Assistant Professor, Harvard Medical School
Ph.D., Molecular and Cell Biology, University of California, Berkeley
B.A., Molecular and Cell Biology, University of California, Berkeley
We study key transcriptional and other gene regulatory events that lead to the acquisition and maintenance of pluripotency in embryonic stem cells (ESCs). ESCs can self-renew or differentiate to produce most of the cells of the body. These distinct but developmentally relevant cell fates are defined by their unique gene expression signatures. Proper execution of these developmental programs requires the precise tuning of gene expression by transcription factors, coactivators and corepressors. Indeed, aberrant transcriptional regulation is the root of many human diseases including developmental disorders, cancers and degenerative diseases.
We have devised various strategies to isolate critical cellular machinery responsible for transcription and to reconstruct the complex process of gene activation in vitro. This technique, in combination with in vivo systems, provides powerful tools to dissect the molecular mechanisms of pluripotency and self-renewal of ESCs, lineage commitment during ESC differentiation, cellular reprogramming, and diseases at the transcriptional level.
Biochemistry of pluripotency and cellular reprogramming
We are in the process of characterizing the in vitro biochemical activities and in vivo functions of three newly identified coactivators essential for transcriptional activation by key stem cell-specific transcription factors OCT4 and SOX2 (Fong et al, Cell, 2011; Fong et al, eLife, 2014). We are also investigating the role of one of these coactivators in the epigenetic regulation of gene expression in pluripotent stem cells, by promoting active DNA demethylation in a genome-wide and locus-specific manner (Ho et al, Genes & Development, 2017). A deeper understanding of the full repertoire of transcription factors operating in stem cells is critical to realizing the full potential of stem cells in tissue regeneration and replacement therapy.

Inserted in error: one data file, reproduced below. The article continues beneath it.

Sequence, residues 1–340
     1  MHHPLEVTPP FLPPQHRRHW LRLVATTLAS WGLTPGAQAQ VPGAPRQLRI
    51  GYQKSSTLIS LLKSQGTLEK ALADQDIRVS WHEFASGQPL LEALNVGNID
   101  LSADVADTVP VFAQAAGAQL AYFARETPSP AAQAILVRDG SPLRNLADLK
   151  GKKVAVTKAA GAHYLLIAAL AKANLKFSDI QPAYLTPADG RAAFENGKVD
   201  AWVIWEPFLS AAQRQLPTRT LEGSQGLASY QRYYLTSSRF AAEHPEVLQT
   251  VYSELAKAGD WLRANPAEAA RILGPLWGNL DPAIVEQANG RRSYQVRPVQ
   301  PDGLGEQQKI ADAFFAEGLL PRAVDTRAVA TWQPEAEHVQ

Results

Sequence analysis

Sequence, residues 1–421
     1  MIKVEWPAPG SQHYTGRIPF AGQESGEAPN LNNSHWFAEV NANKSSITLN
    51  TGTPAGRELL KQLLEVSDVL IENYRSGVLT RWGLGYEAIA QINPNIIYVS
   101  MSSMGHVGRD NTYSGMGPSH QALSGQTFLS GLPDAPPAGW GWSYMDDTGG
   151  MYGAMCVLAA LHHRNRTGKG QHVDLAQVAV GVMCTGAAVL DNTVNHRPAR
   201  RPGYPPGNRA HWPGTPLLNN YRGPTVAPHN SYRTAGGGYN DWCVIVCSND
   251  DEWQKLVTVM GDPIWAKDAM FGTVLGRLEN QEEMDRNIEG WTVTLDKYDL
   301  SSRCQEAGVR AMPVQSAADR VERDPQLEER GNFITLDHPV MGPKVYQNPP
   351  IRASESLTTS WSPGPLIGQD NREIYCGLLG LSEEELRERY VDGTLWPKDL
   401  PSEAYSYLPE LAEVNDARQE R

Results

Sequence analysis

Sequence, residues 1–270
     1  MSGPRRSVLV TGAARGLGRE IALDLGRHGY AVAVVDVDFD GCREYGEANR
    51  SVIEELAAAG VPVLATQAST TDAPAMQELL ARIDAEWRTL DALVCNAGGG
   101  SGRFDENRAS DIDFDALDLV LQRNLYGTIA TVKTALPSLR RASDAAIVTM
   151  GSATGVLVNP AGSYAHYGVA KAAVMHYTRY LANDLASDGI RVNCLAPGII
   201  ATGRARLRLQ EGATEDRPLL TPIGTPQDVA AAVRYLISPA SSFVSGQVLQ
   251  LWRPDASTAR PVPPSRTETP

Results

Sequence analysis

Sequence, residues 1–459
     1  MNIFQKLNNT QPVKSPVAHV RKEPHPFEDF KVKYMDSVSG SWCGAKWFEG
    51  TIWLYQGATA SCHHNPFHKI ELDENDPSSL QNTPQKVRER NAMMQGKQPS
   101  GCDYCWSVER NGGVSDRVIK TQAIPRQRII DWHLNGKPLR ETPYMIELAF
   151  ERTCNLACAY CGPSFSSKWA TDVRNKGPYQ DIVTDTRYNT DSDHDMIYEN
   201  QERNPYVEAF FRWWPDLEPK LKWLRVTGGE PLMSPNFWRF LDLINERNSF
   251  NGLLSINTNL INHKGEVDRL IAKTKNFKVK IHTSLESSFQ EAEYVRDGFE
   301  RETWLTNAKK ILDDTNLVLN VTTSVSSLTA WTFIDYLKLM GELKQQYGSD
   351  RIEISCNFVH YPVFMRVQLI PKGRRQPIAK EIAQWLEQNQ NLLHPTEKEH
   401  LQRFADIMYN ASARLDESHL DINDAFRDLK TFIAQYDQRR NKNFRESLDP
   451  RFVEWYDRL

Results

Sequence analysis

Gene expression and disease mechanisms
Another major focus of the laboratory is to understand how misregulation of transcription can cause human diseases. Using a combination of in vitro system such as directed differentiation of human ESCs, and in vivo model such as zebrafish (in collaboration with Dr. Calum MacRae lab), we have uncovered a previously unrecognized role of a ubiquitously expressed transcription factor in regulating heart function. We aim to identify the critical gene regulatory pathways controlled by this transcription factor, and how misregulation of these gene expression programs leads to tissue-specific disorders such as cardiac arrhythmia and dilated cardiomyopathy.
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